Do you remember when Lorelai Gilmore had to learn how to fish to go on a date with some outdoorsy guy, and Rory, quite naturally, got some fishing books from the library to help her? Some, like Luke Danes, might think it’s ridiculous to expect to learn to fish from reading a book. While I too think that it’s slightly silly, I have pretty much the same attitude as Rory.* When I want to learn something, my first thought is to read a book about it. So a few months ago, when I was really struggling with my happiness levels and needed some help with organising my life, home, and time, I went straight to the library.
I started browsing the psychology and self-help aisle. Am I the only one who feels irrationally self-concious when looking at the self-help shelves? As if everyone else is judging me? Anyway, I ignored this feeling, because what’s embarrassing about needing help with some things? Nothing. I ended up finding a few very useful books that day, and overall I am pleasantly surprised at how a few little tidbits and words of wisdom have stuck with me and have actually helped me be happier.
The ambitiously titled How to Do Everything and be Happy by Peter Jones, offered some very practical ways to get organised and set goals. But most importantly, it made me more aware of the power of our thoughts. I began to notice that most of my thoughts had a negative tone. The book suggests thinking about your goals as if they are already done, which felt extremely odd to me as I’m more used to thinking about my goals as if I’ll never reach them. Which is bad, very bad.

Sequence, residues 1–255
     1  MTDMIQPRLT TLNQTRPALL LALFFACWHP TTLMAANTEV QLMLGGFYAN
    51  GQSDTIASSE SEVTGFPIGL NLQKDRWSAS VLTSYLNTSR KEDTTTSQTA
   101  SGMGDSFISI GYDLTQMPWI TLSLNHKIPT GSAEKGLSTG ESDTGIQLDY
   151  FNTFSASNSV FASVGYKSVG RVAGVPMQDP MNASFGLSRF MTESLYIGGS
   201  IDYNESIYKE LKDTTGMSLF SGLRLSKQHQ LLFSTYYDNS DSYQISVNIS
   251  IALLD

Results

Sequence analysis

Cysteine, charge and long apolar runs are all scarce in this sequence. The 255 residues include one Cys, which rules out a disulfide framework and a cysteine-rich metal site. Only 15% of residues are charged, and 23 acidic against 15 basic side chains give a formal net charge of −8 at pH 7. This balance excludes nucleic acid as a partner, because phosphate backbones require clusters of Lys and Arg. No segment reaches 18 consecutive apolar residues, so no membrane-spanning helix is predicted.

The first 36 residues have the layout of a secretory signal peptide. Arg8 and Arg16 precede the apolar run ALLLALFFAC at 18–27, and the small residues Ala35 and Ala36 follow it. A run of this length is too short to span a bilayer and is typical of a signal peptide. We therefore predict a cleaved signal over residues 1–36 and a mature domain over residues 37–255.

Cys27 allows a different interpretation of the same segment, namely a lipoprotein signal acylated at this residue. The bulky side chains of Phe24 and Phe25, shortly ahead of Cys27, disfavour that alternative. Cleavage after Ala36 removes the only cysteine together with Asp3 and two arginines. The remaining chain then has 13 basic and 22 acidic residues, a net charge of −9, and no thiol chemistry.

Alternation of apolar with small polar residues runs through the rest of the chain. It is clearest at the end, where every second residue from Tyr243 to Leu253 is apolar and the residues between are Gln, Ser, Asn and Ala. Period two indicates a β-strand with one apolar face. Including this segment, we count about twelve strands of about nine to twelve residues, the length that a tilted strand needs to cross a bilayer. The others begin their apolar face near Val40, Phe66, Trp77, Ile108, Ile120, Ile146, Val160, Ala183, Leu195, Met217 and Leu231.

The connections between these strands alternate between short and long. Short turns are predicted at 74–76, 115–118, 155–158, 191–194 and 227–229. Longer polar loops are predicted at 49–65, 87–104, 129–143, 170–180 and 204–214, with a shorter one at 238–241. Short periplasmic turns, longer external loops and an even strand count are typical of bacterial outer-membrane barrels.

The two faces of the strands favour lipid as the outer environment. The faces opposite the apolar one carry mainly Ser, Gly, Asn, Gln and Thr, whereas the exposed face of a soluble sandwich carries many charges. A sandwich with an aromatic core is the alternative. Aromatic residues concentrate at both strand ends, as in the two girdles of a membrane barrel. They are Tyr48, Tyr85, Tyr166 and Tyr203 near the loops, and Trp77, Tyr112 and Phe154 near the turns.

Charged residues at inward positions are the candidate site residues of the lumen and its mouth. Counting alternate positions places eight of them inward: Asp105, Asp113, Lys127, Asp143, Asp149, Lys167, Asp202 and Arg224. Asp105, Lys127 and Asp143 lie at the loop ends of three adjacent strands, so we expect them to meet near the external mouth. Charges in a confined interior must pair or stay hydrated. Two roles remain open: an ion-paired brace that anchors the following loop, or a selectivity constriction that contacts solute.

I then read Gretchen Rubin’s Happier at Home which was inspiring on many levels. (It actually offered extra motivation for my Capsule Wardrobe Project.) This book really challenged my assumption that we act the way we feel. I think that’s a sensible assumption, isn’t it? As it turns out, Rubin found that quite often it’s the opposite: how we act, and how we think, affects how we feel! Isn’t that mind-blowing? So if we think kind thoughts, and engage in nurturing, positive activities, we can actually raise our happiness levels.
I began to think about the following statement, a bit like a daily mantra:
“Think happy, feel happy.”
It was with this new awareness that I received the perfectly-timed newsletter from my favourite yogi, Adriene, last week. The topic was conscious thoughts and how powerful they can be. Adriene talked about the teachings of yogi Yogananda who really believed in the power of thought.
These lines really resonated with me:
“What if every thought you had were to be realised as truth?
Would you be more careful with your thoughts?
Would your thoughts demean you or support you?”
Oh my, did this resonate with me! I realised that most of my thoughts weren’t supporting me, in fact, quite the opposite was true and often they were actually torturous. I had to admit that my negative and pessimistic thoughts helped create situations that are affecting my happiness. Not good.
I am now determined to be more aware of my thoughts, to notice when they veer towards the unhelpful and the negative. To consciously check my thoughts. To focus more on positive thoughts and setting intentions. I really think more mindful thinking can have a significant impact on our happiness levels. Do you notice your thoughts? Are you careful to avoid negative and self-demeaning thoughts? I urge you to try to be more conscious of your thoughts and to use their power to support you instead of hinder you.
*Apologies if you are not a Gilmore Girls fan. But maybe you should be? :)